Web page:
On my first day in post as Professor and Head of Modern Languages and Cultures at Liverpool, I can’t help thinking back almost exactly twenty-five years to my first day as a seventeen-year-old undergraduate student in Modern Languages.
Over the next few years – not only at university but also during memorable (and sometimes difficult to remember…) times in Paris, Hamburg, and Berlin – I learnt lessons that have stayed with me for life. I learnt to understand and speak fluent French and German, of course, but I also learnt self-reliance, independence of mind, and an appreciation of a world that was open, multilingual and multicultural. I learnt not to accept things at face value, but to be sceptical and enquiring, to solve problems practically and creatively, and from a perspective that viewed the world through three different languages and their associated histories and cultures. To put things simply, I learnt to think.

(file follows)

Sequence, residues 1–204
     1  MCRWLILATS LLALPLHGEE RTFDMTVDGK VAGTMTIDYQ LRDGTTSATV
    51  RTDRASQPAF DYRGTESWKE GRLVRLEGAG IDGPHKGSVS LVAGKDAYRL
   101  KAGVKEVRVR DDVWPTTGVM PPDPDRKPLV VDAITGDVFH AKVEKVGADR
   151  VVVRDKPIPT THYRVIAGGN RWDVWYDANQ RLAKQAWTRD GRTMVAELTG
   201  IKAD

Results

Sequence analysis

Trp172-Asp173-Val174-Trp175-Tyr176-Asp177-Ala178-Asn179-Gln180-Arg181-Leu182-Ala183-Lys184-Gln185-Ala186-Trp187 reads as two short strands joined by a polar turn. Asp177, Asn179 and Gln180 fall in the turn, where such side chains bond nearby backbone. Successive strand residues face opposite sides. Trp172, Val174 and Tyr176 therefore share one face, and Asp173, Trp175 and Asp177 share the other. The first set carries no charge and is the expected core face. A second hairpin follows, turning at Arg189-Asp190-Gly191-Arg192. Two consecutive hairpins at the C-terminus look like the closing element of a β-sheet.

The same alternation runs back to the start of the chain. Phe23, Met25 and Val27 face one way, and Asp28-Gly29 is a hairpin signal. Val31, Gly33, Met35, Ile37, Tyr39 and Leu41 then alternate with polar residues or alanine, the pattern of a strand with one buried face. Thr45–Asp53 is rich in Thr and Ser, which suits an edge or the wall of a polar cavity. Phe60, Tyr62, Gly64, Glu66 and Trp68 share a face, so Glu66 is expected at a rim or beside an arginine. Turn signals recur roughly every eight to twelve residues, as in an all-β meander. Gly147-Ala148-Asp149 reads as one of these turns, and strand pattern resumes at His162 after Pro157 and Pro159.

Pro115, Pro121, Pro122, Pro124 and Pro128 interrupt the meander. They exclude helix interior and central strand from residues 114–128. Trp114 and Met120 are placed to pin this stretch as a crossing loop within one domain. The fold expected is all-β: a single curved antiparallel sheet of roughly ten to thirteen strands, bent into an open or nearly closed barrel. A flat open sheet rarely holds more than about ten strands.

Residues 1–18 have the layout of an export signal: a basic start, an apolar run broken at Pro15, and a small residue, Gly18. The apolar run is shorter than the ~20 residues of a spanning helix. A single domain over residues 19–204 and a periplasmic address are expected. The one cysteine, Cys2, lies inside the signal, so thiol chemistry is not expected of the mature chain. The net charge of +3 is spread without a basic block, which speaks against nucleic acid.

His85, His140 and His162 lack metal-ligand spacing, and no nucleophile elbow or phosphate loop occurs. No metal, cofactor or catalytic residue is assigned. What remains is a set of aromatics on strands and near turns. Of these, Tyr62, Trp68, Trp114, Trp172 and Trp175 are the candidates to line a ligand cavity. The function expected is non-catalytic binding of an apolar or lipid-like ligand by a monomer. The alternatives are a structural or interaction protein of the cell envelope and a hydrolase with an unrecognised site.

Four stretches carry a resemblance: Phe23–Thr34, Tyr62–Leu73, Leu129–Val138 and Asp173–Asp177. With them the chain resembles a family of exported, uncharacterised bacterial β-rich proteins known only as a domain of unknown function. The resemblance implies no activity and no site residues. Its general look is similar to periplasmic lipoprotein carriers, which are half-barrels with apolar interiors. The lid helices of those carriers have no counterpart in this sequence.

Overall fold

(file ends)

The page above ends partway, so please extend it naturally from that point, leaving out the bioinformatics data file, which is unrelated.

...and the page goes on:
It’s our job always to give others the opportunity to learn to think
It’s an exciting time to become Head of MLC, as we look to build on the successes of the last few years that have confirmed Liverpool as one of the leading centres in the UK for research and teaching in modern languages and cultures. In so many ways, the role of universities has changed over the last twenty-five years, and we’ll need to be flexible and responsive to ensure that our work always remains relevant, that we train graduates whose multilingual and transcultural skills make them valuable as citizens and employees. But one thing will never change. It’s our job to ensure that our teaching, and the world-leading research that informs it, is always intellectually demanding and inspiring. That we always give others the opportunity to learn to think.